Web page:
ATF issues “Factoring Criteria for Firearms with Attached ‘Stabilizing Braces’”

While this subject is not specifically about South Carolina law, it is an issue that directly affects tens of thousands of South Carolina firearms owners, so we felt the need to share it. The following was written by Guy de Blank.

In mid-December of 2020, the DOJ/ATF issued a notice of proposed rulemaking request that attempted to make pistol stabilizing braces a National Firearms Act (NFA) item. The proposed ruling was poorly constructed and thanks to scathing comments by members of Congress and the flood of comments sent to the ATF by patriots such as yourselves, the proposed ruling was withdrawn two weeks later. 

One of the key campaign promises made by the Biden/Harris team was gun control. While several draconian Bills have been submitted in Congress, none have even reached the floor for a vote because We The People have been constantly contacting our elected officials and admonishing them to vote against these infringements of our Second Amendment rights. Recognizing his abject failure to get anything done, President Biden issued an Executive Action on April 8 that directed the DOJ and ATF to issue new guidance concerning AR pistol stabilizing braces within sixty days. Yesterday, the new document was released, and it is designed to make felons of the owners of the roughly 3-7 million stabilizing braces currently in use in America, unless they submit to the ATF’s will to turn these stabilizing braces into NFA items. That means that they will be treated like silencers, and in order to own one, you must submit an ATF “Form 1” and $200 for a tax stamp.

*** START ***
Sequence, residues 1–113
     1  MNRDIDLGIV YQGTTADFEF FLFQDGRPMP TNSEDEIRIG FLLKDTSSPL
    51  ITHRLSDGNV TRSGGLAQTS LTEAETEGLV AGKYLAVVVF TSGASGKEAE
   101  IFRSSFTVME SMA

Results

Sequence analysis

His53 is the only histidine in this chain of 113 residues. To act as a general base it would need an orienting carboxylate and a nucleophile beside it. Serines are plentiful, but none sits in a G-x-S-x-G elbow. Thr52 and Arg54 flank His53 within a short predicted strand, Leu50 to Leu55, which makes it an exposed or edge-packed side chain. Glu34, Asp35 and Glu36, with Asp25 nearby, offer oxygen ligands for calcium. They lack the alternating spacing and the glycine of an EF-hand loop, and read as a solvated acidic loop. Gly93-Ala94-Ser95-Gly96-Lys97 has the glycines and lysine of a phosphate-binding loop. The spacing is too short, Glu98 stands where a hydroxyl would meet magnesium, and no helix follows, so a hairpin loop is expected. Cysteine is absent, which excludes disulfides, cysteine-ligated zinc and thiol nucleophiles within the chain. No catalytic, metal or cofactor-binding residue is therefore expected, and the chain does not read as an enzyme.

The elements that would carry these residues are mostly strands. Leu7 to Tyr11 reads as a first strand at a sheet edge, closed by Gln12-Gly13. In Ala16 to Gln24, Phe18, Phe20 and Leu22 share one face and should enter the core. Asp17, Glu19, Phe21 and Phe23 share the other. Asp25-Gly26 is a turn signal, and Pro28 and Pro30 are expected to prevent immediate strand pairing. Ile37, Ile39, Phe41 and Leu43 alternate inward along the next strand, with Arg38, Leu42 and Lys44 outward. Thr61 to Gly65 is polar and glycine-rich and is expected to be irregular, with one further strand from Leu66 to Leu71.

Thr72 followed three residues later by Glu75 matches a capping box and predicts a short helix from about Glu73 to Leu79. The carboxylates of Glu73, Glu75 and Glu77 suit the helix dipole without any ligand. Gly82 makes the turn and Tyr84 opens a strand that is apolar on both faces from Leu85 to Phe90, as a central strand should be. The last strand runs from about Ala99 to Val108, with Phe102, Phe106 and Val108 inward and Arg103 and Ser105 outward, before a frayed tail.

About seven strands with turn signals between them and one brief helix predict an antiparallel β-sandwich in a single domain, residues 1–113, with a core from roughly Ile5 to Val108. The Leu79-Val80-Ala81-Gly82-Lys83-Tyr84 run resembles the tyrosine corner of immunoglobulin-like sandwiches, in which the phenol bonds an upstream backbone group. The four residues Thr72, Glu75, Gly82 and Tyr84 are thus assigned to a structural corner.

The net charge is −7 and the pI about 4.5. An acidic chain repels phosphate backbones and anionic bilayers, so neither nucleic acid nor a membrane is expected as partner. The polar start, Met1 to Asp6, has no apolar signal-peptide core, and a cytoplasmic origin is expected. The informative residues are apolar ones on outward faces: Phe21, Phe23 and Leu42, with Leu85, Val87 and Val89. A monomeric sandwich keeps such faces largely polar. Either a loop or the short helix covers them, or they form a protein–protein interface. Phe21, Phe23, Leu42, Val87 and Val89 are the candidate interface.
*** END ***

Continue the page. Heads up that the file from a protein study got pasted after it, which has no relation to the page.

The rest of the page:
In this proposed ruling, the ATF redefines what a rifle is by adding one sentence to the law. ATF intends to amend the definition of “rifle” in 27 CFR 478.11 and 479.11 by adding the following sentence at the end of each definition to clarify what is deemed a rifle. The new sentence would state that “the term ‘rifle’ includes any weapon with a rifled barrel and equipped with an attached “stabilizing brace” that has objective design features and characteristics that indicate that the firearm is designed to be fired from the shoulder, as indicated on ATF Worksheet 4999. 

One of the primary criticisms of the failed December proposed filing form the ATF was that it did not provide objective criteria of what constituted a stabilizing brace that rendered a weapon as a short barreled rifle (SBR). This new proposed ruling is 71 pages long, and includes two worksheets, which constitute the aforementioned form 4999. These are found on pages 16 and 17 of the document and purport to describe the so-called Factoring Criteria For Rifled Barrel Weapons With Accessories* commonly referred to as "STABILIZING BRACES". 

The bottom line on this proposed ruling is that it is nothing more than a gun registry for between 3-7 million AR Pistols in America today that could generate between $600 million and $1.4 billion dollars of tax revenue through the issuance of tax stamps. This proposed ruling needs to face a tsunami of comments from citizens like you and me who oppose this ruling. In part two of this The comment period has not yet opened. Once it does, I will post instructions on where, how, and to an extent what to comment on to send this back to the trash bin where it belongs. For now, I encourage everyone to download a copy of the ruling and study it for yourselves: 

Overview of the proposed ruling: 

The Factoring Criteria are intended to eliminate the heavy criticism the ATF received in December concerning the absence of criteria that the average citizen could use to determine if their firearm would be classified as an SBR. They are also designed to turn virtually every AR-style pistol into an SBR. This is accomplished by introducing subjective language into the Despite the fact that there are now two full pages of factors to be considered, they are almost entirely subjective. 

There are three sections to the Factoring Criteria: 

Section 1 describes the “prerequisites” to determine which weapons require additional evaluation under Sections 2 and 3. If a weight more than 64 ounces and has an overall length between 12 and 26 inches, additional evaluation under sections 2 and 3 are required. Because a traditional handgun such as a Glock 19 or a CZ-75 fall well below the 64 ounce criteria, the clear intent is to focus on AR-style pistols.